Hello,

I was wondering if someone has tips on how to make knees/elbows hinges with rotation on the hips?( same system as Merrick Cheney )

What kind of steel do I have to use? to keep a smooth friction.

thx for all your answers

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For the very few ball and socket armatures I have made, I usually use a ball joint at the knee and elbow.  This allows a lot of forward and back rotation, and twisting is also possible.  In theory it should be a hinge joint, but I have done that a couple of times and found it too limiting.  

For the hip, a ball attached by a short rod to the hip block on each side, with step-block plates front and back.  This short video shows an armature I bought, and tested next to one of my wire armatures, and it has the same type of joint.  The knee is also a Step-Block ball joint, so it has only one ball, rather than a plate with a ball at each end, because I don't like those double joints.  They appear to be stainless steel of some sort (which makes the armature heavier than I like, that's why I never used it in a puppet - I thought it was aluminium when I bought it).  I mostly use aluminium for the plates, unless the puppet is very skinny and I need to keep the joint super compact, then I use hardened steel chain plates.  https://www.youtube.com/watch?v=uBNzH21XMWs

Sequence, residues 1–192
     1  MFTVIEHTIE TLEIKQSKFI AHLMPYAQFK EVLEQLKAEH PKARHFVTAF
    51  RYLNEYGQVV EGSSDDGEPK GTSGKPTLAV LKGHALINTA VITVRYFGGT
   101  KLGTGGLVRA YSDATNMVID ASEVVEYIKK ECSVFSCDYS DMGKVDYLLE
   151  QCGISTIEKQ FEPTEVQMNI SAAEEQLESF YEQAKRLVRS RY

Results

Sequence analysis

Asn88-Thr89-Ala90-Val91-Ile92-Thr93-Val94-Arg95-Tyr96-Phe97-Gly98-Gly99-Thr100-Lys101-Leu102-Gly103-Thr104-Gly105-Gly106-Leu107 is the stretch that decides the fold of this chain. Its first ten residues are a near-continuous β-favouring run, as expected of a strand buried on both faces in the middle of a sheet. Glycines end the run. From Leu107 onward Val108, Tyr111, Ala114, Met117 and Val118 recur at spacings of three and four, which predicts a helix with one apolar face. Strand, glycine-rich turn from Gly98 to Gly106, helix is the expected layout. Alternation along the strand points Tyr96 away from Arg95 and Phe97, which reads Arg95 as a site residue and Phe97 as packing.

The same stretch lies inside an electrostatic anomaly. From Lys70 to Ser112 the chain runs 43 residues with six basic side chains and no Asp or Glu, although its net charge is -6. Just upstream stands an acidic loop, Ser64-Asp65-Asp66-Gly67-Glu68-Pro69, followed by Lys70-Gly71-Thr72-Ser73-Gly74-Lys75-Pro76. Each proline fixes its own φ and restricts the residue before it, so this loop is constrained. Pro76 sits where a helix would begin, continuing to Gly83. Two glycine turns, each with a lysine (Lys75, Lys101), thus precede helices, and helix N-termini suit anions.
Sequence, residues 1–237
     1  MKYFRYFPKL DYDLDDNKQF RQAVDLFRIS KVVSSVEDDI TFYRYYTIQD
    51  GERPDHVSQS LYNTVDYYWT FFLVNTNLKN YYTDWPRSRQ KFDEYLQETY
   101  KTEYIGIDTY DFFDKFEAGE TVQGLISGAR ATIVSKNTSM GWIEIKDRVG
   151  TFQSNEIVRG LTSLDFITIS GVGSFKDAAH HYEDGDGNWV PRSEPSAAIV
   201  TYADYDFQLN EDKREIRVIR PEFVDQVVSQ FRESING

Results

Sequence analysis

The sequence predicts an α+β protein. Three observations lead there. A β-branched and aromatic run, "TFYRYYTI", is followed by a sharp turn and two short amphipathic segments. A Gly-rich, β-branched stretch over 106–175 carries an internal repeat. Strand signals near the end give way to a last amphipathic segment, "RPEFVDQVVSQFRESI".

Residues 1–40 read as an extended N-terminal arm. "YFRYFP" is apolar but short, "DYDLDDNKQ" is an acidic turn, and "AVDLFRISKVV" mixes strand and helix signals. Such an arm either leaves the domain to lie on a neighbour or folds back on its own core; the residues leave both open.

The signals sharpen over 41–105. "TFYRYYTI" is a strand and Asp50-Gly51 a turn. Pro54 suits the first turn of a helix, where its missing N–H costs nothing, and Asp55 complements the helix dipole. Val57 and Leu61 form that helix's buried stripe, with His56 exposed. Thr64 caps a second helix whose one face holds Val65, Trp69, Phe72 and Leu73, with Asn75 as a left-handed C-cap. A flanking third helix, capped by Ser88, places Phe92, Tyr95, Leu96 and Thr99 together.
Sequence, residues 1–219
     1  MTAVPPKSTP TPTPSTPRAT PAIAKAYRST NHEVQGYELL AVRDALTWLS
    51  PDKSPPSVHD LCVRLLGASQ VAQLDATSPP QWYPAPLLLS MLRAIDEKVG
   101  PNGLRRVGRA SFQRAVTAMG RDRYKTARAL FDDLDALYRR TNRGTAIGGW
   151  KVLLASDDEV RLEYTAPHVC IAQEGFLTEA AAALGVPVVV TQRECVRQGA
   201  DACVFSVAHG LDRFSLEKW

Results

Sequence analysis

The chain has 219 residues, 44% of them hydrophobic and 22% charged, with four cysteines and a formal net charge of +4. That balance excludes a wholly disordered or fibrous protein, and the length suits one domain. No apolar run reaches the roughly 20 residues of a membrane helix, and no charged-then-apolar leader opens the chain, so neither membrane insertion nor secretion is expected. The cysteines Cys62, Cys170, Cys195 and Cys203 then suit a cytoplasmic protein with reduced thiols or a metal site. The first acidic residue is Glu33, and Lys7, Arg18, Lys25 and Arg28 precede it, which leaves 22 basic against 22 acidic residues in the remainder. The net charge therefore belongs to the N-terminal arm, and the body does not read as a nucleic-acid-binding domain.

I googled and found these legs by Merick Cheney, which do use a hinge at the knee and have rotation built into the femur.  I can see the split in the block and the tension screw.  But sorry, I don't know what metal is used.  

Thx for the answer. I checked on the forum and I found "01 tool steel" which is use for knife making. If I machine this steel I think I ll need to heat it and dip into oil then bake in the oven to make it harder. Is it correct?

To answer to you Nick I think making hinges is more realistic to use on knees/elbows and it allows me to make it smaller than a ball and socket joint if I want a really thin puppet.

Hardening process is well above my level of expertise.  I mostly make wire armatures, and have got so used to animating with them I don't do any better with jointed armatures.  (Have made hundreds of wire armatures, compared to 3 or 4 jointed armatures.)  Good luck!

My two sense regarding O1 tool steel is that it's not ideal if you're not properly set up for heat treating and tempering it. You pay a premium with O1 tool steel, but if it's not able to reach its full potential then that premium is for not. The main benefit of tool steels over low carbon (like 1018) or stainless is the added wear resistance you get, but for basic armature components outside of long feature work or structurally demanding designs (larger OR smaller than usual) I don't think it makes a huge difference. That being said I do occasionally use O1 tool steel primarily for the rods of my ball stems (it's also easier to find in a wider variety of diameters for me), and would probably use it if I were to make ultra small joints but I usually don't have the need for something that can't be done with 1018 or 304 stainless.